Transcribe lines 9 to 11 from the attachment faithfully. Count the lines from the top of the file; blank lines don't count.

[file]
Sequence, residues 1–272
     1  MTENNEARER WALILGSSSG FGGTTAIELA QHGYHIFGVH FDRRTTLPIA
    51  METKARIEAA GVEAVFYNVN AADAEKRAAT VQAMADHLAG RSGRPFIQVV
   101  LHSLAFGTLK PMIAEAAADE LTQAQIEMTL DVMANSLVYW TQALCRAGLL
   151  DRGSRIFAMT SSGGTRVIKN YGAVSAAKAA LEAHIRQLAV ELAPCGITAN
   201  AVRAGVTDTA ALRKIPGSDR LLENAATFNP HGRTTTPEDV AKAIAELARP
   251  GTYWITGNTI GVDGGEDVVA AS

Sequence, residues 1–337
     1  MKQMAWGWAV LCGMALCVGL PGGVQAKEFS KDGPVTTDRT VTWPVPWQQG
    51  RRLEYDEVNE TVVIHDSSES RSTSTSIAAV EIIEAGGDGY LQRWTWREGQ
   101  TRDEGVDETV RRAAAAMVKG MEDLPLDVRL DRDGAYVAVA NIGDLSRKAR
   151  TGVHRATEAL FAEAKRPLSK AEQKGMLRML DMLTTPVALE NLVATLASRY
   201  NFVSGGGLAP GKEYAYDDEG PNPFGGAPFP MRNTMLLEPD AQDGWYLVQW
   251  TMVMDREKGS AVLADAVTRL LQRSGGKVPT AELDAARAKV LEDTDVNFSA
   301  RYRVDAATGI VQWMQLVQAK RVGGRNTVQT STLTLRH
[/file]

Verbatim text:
     1  MKQMAWGWAV LCGMALCVGL PGGVQAKEFS KDGPVTTDRT VTWPVPWQQG
    51  RRLEYDEVNE TVVIHDSSES RSTSTSIAAV EIIEAGGDGY LQRWTWREGQ
   101  TRDEGVDETV RRAAAAMVKG MEDLPLDVRL DRDGAYVAVA NIGDLSRKAR